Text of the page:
Christmas is the time for munching mince pies (this is a pretty constant activity in my household come December), slopping sherry into the trifle and making yummy stuffing for the turkey. These are all indoor activities! With this in mind, we approached the Allotment and Garden Guide for December 1945 with some trepidation, lest we were sent out into the cold to do some winter weeding. Brrrrrrr!
But the advice from the Ministry of Agriculture was unusually relaxed – perhaps ‘digging for victory’ seemed a little like raining on Britain’s parade during the first peacetime Christmas in seven years! Whatever the case, December frost is a jolly good excuse to put your garden spade away; if you don’t believe us, listen to what the Ministry had to say on the matter…’So as there’s very little we may be able to do outdoors this time of year, save possibly getting on with digging any spare ground that’s not frostbound, let us do a bit of fireside gardening, with a bit of looking back and perhaps a glance into the future.’
Well, we tried really hard to find a patch of frost-free ground to dig up but, alas, Britain remains frozen, so we thought let’s put our feet up and have a mince pie; time to do some serious ‘fireside gardening’. Luckily, we’ve got just thing for that. No shop-bought nonsense for us – we’ve come too far for that! – in the true Christmas spirit of the 1940s, here’s a wartime recipe for your mince pie filling, taken from The Ministry of Food: Thrifty Wartime Ways to Feed your Family Today, by Jane Fearnley-Whittingstall.
Plum and Russet Mincemeat
1kg plums (1lb 2oz) 250g (9oz)
finely grated zest and juice of 2-3 oranges (you need 200ml juice)
500g (1lb) russet apples, peeled, cored and chopped into 1cm cubes
200g (7oz) currants
200g (7oz) raisins
200g (7oz) sultanas
100g (3½ oz) orange marmalade
250g (9oz) Demerara sugar
½ teaspoon ground cloves
2 teaspoons ground ginger
½ nutmeg, grated
50ml (2fl oz) ginger wine or cordial (optional)
100g chopped walnuts
50ml (2fl oz) brandy or sloe gin
Method: Preheat the oven to 130ºC (250ºF). Wash the plums, halve and remove the stones, then put into a saucepan with the orange juice. Cook gently until tender, about 15 minutes. Blend to a purée in a liquidiser or push through a sieve. You should end up with about 700ml (1¾ pt) plum purée.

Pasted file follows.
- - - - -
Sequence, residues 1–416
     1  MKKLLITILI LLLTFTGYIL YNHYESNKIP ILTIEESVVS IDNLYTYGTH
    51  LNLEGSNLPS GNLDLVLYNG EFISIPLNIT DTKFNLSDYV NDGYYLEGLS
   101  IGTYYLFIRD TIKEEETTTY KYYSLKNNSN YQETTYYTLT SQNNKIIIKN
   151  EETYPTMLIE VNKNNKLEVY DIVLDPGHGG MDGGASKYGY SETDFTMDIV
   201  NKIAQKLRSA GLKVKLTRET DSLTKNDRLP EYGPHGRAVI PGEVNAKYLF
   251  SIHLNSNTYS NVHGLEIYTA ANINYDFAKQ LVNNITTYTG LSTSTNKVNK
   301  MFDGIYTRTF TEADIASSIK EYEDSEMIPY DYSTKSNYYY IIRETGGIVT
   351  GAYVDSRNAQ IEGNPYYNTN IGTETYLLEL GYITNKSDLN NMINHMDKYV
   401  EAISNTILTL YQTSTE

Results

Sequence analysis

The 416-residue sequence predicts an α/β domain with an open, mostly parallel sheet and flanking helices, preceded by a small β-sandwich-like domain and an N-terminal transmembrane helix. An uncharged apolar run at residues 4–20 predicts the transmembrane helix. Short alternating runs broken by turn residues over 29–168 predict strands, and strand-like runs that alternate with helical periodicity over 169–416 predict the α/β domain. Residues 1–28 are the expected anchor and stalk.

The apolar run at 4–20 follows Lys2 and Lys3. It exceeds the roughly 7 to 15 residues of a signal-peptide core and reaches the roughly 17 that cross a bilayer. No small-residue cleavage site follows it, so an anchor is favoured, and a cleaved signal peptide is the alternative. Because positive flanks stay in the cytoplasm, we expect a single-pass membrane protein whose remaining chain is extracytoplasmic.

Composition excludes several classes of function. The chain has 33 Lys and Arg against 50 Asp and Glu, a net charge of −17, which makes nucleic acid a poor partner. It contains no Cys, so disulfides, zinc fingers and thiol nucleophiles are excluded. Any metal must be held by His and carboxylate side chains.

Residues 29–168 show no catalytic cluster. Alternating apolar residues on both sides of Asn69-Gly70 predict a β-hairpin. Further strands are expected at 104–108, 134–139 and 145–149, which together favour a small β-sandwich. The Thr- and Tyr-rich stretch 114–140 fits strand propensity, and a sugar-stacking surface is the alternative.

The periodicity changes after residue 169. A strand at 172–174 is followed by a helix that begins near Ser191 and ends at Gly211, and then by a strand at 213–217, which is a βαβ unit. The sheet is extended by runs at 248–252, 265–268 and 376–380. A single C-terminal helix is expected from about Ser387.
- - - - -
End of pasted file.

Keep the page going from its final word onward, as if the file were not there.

Put the purée into a large bowl and add all the other ingredients, except the brandy or gin. Mix thoroughly, then cover and leave to stand for 12 hours.]
Put the mincemeat in a large baking dish and bake, uncovered, for 2-2½ hours. Stir in the brandy or gin, then spoon into warm, sterilised jars, making sure there aren’t any air pockets. Seal with a sterilised twist-on lid or a waxed paper disc and cellophane cover. Store in a dry, dark, cool place until Christmas. Use within 12 months.
So, mince pie in hand, let’s reflect on our year in crops. The gardening hiccups of 1945, according to the Allotment and Gardening Guide, were as follows:
• Poor weather (‘The Januarys of 1940 and 1945 were among the coldest of the last half century…’)
• Late tomatoes
• Trouble with runners
• Marrows dying off suddenly
• Pests and diseases – there was the constant threat of greenfly and butterfly, but the nasty Cabbage White butterfly turned green crops into skeletons!
But we all know that a perfect summer strawberry or a big earthy spud makes it all worthwhile! The Ministry of Agriculture certainly believed in the virtues of growing your own for mind, body and spirit, although the concept of the thrifty housewife’s “good man” bringing home delicious and nutritious vegetables may give one indigestion nowadays…
What were your proud moments of the gardening year? Send us your pics of you and your crops! And what are your New Year’s resolutions for green-fingered success in 2011?